Daniel Aguilar Talks About His Disqualification Loss At RFA 15
Posted by Joseph Lee on 07.02.2014
In an interview with MMA Junkie, Daniel Aguilar (10-4) spoke about his controversial loss at RFA 15 last month to Sam Toomer (8-0). He kept dropping to the ground, trying to get Toomer to fight there instead of standing. Referee Mike Beltran eventually said it was "timidity" and disqualified him. Here are highlights:
On being injured during the fight: "During the first round, my intention wasn't to chase him, but to goad him into attacking me. But when I did chase him, he struck my leg and hurt me early on. Thankfully, it turned out to be only a muscle injury. It was a calf injury. My doctor said that in this type of situation, a leg break would be very likely, not unlike Anderson Silva's fracture. I took the most damage on the third round; there were several kicks to the same spot. It's hard for people on the outside to understand. When you're hurt, only you know how badly. When was 20, in Brazil, I was robbed and shot in the back. I had never felt such much pain in my life as I felt after being kicked so many times to the leg. I even had to go on morphine at the hospital. Imagine that. I had never morphine in my entire life, even when I was shot. No one truly understands what happens behind the curtains. I was told that I fought like Royce Gracie in 1995. But I love that comparison. He's the one who opened up the sport for us. Some folks said I had no muay Thai or wrestling, only jiu-jitsu. But these aren't fighters talking. They're just talking heads. No real fighter gave me a hard time. Ultimately, I was there to do what I love. I love to fight. I don't fight for money. I did all I could do. I was hurt in the fight. I had no condition to continue, but I never gave up."
On if a TKO loss would be more fair than a DQ: "I don't know how I feel about that. One way of looking at it is the fact that I wasn't knocked out or submitted. I tried to fight until the end. Also, things are different now. Before, there was fewer rules and no time limits. In a situation like that, you're obligated to finish your opponent. But that's not the case nowadays, of course. I feel like I showed up to fight but never got to fight. He won the fight by disqualification, but never knocked me out. I would have preferred that. Ever since I started judo at seven years of age, martial arts have always meant defending my life, whether in a cage or on the streets. The goal is to defend myself and be alive at the end. My outlook on fighting is never to stop until my opponent is knocked out of submitted. Now that we live in the age of modern MMA, my preference, without a doubt, would have been to have been knocked out or submitted. Of course, my parents wouldn't want to see me twitching on the canvas, but that's what fans pay to see. Against Toomer, he never finished me; he didn't beat me up.'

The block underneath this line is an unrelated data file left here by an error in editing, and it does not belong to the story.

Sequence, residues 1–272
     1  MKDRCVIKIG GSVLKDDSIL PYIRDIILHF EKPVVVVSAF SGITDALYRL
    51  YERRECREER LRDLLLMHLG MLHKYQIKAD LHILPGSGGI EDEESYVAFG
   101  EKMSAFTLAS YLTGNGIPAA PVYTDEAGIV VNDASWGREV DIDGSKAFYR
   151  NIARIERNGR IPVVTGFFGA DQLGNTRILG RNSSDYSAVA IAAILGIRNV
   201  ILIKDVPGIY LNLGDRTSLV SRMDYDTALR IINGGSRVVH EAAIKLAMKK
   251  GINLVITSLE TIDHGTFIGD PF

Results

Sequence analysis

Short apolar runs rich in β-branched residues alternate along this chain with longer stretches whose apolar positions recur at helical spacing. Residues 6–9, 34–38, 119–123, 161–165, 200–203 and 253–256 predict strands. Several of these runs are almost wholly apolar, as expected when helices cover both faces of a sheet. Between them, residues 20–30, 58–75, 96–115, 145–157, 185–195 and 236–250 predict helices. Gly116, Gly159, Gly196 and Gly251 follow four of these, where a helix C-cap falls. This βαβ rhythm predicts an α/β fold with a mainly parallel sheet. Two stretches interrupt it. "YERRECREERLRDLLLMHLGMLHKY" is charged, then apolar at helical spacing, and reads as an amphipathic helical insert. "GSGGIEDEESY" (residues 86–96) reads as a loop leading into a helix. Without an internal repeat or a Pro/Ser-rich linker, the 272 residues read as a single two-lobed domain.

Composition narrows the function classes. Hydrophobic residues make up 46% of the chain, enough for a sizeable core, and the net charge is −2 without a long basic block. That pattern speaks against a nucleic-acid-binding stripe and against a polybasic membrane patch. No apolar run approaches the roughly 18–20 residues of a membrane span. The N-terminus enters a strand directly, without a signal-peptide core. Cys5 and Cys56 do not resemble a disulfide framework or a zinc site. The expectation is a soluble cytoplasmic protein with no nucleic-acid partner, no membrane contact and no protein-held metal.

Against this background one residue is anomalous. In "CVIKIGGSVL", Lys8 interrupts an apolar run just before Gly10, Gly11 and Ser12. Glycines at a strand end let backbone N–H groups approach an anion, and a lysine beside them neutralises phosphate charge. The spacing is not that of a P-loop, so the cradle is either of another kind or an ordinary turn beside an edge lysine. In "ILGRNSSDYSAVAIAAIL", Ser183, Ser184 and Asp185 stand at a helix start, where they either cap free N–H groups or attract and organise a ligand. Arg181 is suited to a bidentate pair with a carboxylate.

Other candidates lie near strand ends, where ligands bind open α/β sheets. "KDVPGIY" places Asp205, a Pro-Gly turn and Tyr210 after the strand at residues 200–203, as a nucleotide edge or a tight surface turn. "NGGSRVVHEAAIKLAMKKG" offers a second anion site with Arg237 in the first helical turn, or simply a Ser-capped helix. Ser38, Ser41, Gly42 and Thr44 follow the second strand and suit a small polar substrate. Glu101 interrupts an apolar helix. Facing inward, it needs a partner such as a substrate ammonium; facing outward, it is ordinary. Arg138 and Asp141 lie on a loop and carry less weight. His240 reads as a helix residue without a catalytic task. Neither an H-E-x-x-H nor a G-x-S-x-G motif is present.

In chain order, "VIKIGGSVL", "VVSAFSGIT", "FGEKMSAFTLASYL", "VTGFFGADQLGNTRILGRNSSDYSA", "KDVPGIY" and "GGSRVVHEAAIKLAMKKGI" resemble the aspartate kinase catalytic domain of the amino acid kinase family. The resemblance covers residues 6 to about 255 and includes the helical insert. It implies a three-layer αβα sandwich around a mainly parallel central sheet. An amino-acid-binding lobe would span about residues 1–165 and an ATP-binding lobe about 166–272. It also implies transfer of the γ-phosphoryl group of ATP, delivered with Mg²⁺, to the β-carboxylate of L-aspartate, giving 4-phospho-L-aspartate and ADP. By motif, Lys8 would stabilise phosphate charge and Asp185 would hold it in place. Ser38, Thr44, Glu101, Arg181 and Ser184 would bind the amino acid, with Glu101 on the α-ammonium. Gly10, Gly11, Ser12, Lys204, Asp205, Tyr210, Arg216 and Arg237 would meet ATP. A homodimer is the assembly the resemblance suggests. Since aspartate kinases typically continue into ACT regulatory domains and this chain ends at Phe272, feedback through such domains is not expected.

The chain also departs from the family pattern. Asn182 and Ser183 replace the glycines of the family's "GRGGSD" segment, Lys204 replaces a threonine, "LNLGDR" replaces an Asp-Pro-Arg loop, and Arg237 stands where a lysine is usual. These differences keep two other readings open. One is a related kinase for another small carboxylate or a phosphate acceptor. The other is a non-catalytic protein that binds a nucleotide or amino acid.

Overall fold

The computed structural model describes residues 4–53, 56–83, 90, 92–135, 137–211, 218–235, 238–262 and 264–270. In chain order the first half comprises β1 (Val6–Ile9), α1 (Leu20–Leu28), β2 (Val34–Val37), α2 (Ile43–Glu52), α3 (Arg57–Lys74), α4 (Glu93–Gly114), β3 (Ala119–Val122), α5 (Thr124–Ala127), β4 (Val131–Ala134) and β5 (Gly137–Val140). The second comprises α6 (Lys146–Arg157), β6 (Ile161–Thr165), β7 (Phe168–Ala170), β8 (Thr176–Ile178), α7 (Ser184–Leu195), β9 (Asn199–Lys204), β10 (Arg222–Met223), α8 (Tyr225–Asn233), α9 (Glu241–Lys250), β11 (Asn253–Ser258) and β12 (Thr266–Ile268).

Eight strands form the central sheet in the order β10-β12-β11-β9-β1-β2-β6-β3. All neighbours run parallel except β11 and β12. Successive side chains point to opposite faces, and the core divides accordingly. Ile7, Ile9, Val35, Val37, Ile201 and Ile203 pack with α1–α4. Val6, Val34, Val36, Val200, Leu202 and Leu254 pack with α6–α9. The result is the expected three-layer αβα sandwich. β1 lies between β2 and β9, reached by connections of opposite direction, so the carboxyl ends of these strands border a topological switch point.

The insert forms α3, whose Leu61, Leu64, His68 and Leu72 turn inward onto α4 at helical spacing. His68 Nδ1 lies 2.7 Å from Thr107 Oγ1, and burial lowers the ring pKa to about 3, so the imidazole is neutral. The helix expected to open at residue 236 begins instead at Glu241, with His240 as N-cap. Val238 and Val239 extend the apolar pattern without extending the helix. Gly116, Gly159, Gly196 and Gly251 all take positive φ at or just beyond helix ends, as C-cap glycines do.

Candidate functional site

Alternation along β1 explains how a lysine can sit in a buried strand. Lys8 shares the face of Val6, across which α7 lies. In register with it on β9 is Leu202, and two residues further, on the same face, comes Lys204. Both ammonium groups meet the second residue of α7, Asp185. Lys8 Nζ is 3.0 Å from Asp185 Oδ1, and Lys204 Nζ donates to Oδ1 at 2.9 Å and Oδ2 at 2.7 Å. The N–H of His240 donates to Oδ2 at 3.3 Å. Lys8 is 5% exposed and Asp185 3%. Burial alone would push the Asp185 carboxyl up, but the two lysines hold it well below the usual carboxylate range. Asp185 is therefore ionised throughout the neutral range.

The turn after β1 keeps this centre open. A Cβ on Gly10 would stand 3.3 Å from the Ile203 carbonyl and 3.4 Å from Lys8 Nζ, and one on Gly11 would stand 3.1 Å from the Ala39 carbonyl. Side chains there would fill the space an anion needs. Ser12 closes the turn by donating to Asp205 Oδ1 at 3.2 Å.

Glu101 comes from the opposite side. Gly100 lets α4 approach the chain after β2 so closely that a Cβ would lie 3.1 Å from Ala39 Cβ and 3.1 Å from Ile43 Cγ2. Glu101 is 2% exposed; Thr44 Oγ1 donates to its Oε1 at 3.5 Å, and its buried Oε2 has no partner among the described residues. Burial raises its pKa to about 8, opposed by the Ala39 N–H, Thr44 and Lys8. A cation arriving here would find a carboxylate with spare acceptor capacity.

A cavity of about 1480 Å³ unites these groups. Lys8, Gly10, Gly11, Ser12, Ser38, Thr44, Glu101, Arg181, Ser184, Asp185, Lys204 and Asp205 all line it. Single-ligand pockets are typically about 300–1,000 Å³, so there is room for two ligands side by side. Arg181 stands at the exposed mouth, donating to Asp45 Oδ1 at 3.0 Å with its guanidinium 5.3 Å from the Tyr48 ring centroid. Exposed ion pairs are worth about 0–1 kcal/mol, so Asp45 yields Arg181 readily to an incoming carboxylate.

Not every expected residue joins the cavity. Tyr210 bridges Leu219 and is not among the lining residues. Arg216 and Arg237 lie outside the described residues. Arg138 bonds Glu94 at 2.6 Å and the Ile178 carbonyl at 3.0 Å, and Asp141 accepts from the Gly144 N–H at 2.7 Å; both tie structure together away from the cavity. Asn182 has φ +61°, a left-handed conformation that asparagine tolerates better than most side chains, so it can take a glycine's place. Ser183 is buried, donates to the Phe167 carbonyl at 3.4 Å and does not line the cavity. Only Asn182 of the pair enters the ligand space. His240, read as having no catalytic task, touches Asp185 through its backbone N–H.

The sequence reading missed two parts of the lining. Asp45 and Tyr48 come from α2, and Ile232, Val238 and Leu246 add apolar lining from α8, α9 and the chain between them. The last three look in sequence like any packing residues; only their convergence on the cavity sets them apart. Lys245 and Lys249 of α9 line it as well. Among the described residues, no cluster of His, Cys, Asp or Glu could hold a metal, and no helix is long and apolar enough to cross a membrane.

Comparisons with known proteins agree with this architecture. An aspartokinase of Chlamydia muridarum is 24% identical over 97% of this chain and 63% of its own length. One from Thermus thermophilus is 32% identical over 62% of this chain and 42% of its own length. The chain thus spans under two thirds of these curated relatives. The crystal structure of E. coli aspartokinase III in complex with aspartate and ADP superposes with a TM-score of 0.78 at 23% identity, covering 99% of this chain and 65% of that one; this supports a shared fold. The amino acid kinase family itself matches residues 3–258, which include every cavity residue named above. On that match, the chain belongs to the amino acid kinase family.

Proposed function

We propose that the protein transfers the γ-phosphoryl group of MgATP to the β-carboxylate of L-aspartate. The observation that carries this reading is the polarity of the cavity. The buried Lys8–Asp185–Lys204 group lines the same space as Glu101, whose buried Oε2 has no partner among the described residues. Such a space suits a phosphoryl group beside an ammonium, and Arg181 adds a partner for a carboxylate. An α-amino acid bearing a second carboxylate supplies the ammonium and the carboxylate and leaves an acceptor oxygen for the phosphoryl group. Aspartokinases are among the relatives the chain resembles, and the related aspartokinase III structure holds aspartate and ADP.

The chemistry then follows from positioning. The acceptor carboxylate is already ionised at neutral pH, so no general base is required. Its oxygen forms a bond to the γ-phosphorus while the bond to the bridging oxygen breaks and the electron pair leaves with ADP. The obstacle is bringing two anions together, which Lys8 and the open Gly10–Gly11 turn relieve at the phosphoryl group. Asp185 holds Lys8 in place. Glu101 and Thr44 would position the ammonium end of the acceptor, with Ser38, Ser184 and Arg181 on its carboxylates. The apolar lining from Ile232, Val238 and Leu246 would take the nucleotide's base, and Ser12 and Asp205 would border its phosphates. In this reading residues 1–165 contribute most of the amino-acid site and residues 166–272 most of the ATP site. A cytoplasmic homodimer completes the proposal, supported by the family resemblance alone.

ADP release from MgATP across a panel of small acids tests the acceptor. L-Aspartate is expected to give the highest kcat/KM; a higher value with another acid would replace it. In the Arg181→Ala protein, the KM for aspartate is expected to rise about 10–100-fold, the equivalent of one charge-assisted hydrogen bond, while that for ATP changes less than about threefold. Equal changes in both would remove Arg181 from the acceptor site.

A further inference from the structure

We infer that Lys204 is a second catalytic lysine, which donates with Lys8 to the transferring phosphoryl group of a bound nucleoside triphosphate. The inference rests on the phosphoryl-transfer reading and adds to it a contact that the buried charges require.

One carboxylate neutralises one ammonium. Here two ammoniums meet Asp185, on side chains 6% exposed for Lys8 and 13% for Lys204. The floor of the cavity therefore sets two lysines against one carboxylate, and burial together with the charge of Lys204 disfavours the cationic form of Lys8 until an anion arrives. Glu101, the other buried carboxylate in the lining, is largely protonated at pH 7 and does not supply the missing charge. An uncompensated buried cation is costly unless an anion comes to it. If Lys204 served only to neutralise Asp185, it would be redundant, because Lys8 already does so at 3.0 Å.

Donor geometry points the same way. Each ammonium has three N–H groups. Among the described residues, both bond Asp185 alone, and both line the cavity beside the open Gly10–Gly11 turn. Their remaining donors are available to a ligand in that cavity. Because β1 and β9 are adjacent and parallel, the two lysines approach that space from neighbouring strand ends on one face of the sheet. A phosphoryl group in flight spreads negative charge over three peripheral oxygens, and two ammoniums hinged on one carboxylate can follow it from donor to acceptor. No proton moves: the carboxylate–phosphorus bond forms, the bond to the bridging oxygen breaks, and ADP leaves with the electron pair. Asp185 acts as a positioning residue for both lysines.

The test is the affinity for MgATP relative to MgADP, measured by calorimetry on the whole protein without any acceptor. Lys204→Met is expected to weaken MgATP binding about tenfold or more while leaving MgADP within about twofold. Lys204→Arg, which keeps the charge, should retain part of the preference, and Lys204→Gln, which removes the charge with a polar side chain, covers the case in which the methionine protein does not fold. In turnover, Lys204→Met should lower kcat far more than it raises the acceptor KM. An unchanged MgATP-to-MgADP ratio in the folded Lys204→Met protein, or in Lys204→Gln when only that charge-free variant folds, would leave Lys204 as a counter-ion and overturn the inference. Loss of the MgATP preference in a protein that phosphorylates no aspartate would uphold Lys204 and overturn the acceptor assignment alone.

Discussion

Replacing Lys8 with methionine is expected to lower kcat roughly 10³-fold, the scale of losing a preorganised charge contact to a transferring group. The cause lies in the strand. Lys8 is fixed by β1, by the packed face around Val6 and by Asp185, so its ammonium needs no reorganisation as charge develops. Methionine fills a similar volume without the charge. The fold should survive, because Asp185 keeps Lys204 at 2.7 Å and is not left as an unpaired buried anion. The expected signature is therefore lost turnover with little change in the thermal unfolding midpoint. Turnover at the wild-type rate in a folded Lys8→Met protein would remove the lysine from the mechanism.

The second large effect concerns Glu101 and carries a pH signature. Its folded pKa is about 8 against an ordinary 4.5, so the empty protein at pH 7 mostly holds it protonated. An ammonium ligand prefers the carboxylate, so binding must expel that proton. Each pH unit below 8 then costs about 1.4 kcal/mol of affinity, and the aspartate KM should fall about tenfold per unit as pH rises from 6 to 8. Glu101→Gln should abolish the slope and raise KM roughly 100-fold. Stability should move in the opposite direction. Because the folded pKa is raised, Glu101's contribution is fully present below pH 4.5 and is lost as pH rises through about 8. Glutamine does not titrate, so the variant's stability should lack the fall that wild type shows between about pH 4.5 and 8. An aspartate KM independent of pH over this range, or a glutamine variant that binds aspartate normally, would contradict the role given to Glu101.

On if he wants a rematch: "Without a doubt. This bout is perfect for a rematch since a real fight didn't happen. No one did anything. One combatant was injured and that resulted in a disqualification. So no one was knocked out, submitted or even won by points. And the fight was stopped 25 seconds before the end of the third round. On "Inside MMA," Beltran stated that I was flopping to avoid the standup. In those 25 seconds, I still had a chance to win by submission."